This is the tenth time the doctors or “junior doctors” have gone on strike since March last year. Guardian.

“Junior doctors” roughly corresponds to junior doctors – in principle all doctors who have graduated and are working but not trained as a full-fledged specialist or hold another non-academic designation.

The aim of the doctors' strikes, which were part of a long campaign, was to raise wages by 35 per cent to compensate for the huge fall in real wages from 2008/2009.

In total, health care strikes (including doctors, nurses and other staff) in the past 13 months have required rebooking of more than 1.3 million health care visits.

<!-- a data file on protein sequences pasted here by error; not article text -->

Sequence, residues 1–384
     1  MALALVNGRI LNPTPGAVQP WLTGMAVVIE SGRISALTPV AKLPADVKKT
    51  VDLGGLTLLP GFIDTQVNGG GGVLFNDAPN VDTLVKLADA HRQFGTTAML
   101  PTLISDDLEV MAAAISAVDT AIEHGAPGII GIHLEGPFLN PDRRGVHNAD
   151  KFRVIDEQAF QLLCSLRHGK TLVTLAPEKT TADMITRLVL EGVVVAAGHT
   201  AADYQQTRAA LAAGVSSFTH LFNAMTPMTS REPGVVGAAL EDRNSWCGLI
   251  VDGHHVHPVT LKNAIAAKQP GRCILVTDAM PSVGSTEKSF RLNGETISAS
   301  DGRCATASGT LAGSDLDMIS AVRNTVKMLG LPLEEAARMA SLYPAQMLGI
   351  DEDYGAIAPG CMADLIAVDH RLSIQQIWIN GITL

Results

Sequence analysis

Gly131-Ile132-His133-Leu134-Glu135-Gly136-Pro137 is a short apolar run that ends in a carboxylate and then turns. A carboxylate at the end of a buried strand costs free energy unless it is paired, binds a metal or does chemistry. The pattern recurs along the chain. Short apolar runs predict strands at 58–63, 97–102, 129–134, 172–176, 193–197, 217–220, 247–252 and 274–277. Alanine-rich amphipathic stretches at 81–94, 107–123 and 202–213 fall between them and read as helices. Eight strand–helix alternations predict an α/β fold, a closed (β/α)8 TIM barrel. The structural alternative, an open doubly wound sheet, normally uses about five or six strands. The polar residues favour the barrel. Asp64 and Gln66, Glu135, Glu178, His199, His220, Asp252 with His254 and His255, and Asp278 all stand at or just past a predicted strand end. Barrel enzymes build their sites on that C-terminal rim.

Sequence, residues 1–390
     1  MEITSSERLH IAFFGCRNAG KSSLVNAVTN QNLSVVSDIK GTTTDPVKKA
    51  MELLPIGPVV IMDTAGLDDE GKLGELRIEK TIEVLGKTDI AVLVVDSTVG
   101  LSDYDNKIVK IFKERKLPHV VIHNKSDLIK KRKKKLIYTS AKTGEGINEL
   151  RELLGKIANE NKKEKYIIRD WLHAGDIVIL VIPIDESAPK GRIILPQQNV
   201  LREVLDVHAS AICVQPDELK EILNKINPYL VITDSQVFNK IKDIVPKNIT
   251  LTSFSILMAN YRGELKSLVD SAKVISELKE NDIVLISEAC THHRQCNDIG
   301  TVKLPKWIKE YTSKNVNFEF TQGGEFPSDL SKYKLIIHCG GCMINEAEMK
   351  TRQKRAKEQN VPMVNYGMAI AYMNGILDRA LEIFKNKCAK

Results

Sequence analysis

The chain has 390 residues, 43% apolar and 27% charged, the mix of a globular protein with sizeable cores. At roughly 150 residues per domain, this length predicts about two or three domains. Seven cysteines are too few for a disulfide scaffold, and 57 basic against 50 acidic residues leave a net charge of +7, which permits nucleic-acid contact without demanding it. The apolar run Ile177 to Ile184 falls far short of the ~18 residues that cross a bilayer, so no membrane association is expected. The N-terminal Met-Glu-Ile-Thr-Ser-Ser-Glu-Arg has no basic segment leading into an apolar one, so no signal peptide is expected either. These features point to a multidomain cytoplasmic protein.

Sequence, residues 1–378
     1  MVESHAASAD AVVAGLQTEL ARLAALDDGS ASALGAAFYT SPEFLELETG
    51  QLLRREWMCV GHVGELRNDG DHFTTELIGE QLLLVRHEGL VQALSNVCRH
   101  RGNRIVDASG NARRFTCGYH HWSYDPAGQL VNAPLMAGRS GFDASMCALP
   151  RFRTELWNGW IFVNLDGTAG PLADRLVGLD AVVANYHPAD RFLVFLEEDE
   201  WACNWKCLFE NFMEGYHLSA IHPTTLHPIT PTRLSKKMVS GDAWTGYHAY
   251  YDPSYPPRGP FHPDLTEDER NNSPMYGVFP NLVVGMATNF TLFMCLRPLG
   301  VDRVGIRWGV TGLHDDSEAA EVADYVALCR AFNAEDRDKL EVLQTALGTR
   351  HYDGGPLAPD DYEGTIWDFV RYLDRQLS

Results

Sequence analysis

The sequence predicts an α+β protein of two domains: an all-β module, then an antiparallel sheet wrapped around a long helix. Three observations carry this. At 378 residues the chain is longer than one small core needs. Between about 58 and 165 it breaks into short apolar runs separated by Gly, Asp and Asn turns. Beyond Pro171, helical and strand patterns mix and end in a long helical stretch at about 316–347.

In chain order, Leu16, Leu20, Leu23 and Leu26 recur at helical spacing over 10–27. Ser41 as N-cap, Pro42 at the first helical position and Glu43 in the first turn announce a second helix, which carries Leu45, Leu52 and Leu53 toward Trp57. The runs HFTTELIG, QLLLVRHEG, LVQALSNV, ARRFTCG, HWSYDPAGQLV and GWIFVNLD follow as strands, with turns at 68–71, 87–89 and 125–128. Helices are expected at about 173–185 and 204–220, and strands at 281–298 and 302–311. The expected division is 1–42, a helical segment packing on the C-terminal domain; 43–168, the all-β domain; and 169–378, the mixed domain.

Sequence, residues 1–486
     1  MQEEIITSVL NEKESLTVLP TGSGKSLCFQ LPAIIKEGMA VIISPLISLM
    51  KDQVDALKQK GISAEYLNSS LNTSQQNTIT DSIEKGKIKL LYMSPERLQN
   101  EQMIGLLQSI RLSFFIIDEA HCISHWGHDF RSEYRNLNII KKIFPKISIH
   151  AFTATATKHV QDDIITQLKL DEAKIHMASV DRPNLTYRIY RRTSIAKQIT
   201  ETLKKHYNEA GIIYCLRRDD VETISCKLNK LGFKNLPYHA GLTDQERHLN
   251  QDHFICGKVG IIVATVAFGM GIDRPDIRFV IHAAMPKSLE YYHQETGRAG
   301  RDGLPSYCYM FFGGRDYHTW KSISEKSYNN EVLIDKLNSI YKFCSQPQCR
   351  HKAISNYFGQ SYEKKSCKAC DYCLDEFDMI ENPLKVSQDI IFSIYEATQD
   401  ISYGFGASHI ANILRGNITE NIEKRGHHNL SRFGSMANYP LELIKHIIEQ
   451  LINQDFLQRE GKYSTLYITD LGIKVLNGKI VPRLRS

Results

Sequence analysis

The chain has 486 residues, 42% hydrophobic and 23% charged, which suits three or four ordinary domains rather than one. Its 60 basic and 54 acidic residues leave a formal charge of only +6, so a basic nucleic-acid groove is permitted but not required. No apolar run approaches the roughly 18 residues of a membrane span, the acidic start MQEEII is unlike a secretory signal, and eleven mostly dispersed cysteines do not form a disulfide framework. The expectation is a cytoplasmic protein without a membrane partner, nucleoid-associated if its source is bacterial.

Health is estimated to take “weeks and months” to recover from the recent six-day strike.

In the last 10 months, junior doctors have gone on strike for a total of 34 days. The doctors' union British Medical Association (BMA) and the UK's health minister disagreed with the pay rise accepted by the striking doctors.

Doctors have long been in conflict with the UK government and are demanding both higher pay and better working conditions.

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